The preoperative teaching sessions also included information about non-opioid analgesics, namely gabapentin, celecoxib, and acetaminophen. Specifically, patients learned that these drugs are known to produce analgesic effects though opioid-sparing mechanisms. Taking these medications would preserve the body's natural endorphin production and response, while avoiding the negative side effects of narcotics.
After receiving instruction, the patients had the choice to receive preoperative treatment consisting of oral administration of 600mg of gabapentin and 400mg of celecoxib 30–60 minutes before surgery. The patients who preferred no prescription of hydrocodone as well as gabapentin and celecoxib after patient education were separated into experimental group A. Experimental group B consisted of patients who received preoperative patient education, refused to take a prescription of hydrocodone, but accepted preoperative administration of gabapentin and celecoxib. Those who accepted a prescription for hydrocodone, in case acetaminophen (Tylenol) was not adequate, were put into experimental group C.
The control group consisted of 66 patients who received 600mg of gabapentin and 400mg of celecoxib 30–60 minutes before surgery, but did not receive any pre-operative oral or written patient education regarding endorphin physiology. Patients were handed prescriptions for the preoperative medications (gabapentin and celecoxib) and hydrocodone. These patients were divided into control group A (those who did not request refills on hydrocodone) and control group B (those who requested refills on hydrocodone).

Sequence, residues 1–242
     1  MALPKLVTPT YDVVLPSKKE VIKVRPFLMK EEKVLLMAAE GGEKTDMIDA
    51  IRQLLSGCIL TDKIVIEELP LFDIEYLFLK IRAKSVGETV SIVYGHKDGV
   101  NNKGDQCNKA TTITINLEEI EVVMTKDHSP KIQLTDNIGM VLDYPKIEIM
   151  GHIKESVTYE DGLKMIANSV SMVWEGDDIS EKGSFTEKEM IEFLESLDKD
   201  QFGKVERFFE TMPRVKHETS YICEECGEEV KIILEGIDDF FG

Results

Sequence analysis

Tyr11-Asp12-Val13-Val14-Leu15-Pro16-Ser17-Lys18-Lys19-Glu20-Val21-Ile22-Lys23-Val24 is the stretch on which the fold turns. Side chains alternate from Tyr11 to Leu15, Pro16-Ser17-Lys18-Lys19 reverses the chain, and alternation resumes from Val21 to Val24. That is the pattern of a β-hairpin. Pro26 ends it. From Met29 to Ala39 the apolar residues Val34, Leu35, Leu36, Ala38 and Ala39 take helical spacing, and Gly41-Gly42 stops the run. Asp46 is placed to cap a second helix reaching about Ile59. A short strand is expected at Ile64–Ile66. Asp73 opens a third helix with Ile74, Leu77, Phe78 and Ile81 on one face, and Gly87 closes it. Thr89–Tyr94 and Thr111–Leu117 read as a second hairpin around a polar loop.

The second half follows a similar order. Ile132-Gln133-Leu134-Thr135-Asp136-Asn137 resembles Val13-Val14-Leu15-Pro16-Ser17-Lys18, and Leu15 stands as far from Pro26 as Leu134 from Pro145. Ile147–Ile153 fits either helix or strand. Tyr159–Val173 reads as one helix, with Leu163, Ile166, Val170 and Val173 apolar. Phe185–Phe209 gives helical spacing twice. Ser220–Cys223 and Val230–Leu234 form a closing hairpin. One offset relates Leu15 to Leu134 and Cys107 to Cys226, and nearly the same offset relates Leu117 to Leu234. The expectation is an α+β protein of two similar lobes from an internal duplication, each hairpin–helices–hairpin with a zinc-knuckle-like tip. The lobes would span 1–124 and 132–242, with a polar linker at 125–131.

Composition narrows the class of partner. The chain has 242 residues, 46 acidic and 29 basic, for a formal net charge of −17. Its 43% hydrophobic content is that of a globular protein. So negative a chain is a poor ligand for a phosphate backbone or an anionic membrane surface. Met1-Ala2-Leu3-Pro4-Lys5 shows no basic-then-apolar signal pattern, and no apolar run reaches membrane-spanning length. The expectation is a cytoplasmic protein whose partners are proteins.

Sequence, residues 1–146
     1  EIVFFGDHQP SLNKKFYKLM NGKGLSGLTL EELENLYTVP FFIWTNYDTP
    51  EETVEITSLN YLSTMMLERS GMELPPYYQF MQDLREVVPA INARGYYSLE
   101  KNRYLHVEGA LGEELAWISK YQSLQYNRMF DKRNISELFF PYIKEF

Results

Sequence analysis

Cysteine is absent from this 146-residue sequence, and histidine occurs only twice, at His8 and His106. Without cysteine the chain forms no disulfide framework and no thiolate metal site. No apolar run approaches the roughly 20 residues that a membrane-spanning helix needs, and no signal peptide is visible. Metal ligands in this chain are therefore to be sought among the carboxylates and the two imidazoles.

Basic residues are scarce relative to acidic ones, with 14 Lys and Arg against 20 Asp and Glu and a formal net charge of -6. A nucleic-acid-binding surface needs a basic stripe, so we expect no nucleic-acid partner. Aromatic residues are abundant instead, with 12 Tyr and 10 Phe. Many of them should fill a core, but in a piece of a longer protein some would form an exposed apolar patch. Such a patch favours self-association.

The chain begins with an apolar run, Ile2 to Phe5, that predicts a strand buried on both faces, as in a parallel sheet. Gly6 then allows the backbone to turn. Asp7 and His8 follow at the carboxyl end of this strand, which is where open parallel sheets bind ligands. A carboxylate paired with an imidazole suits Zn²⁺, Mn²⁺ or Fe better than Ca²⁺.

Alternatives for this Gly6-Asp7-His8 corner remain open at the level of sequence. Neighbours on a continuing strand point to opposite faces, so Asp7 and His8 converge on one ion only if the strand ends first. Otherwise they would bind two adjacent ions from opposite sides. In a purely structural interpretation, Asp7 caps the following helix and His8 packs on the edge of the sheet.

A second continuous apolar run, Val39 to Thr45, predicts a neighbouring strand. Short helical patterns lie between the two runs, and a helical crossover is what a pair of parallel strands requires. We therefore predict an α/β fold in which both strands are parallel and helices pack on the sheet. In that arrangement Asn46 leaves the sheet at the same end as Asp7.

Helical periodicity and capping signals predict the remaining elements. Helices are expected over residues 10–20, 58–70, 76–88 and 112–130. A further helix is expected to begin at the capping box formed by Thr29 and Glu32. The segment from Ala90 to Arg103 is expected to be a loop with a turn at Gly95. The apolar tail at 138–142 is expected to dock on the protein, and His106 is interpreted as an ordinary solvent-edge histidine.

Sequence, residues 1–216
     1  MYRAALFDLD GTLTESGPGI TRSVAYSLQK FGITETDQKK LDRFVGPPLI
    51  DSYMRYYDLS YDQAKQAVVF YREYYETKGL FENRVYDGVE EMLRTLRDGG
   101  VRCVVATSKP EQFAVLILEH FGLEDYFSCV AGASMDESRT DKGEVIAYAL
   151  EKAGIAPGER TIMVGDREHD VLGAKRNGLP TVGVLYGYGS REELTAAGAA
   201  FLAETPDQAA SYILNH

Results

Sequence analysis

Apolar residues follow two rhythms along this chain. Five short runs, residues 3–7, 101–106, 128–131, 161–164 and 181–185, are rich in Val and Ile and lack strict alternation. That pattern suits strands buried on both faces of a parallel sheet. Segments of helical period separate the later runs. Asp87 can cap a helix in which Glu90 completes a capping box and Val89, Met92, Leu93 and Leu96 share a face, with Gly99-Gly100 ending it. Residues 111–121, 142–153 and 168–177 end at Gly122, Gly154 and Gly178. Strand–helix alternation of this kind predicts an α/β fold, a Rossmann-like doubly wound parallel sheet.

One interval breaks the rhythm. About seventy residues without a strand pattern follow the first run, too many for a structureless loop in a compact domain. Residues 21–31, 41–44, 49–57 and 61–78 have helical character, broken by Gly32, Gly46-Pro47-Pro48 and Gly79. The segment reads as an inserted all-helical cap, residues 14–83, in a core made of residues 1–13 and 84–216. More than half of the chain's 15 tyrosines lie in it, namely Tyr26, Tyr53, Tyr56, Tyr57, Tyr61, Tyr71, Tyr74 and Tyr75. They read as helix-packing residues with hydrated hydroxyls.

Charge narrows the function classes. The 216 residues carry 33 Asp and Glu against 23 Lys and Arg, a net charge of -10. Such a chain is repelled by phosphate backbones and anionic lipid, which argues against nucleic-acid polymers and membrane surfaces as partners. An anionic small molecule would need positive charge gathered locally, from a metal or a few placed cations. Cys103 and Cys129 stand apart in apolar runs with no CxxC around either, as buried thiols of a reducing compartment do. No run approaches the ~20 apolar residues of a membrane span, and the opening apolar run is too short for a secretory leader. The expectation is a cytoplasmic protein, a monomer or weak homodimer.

All patients had access to acetaminophen (1000mg every 6 hours as needed) postoperatively. The rationale for the administration of celecoxib and gabapentin was explained to the patients by the operating surgeon during their preoperative visit, which occurred approximately 2 weeks before surgery, and was re-emphasized on the day of the procedure prior to the operation. However, control group patients did not receive preoperative education on the mechanisms of preserving endorphin function in these non-opioid analgesics. Rather, the patients were simply informed that celecoxib and gabapentin would be used for prophylaxis of postoperative pain. Additionally, 500mg of cephalexin was given to all patients 30–60 minutes before surgery for infection prophylaxis, following the surgeon's usual infection protocol. The incidence of nausea and vomiting in the post-anesthesia care unit for both control and experimental groups was recorded.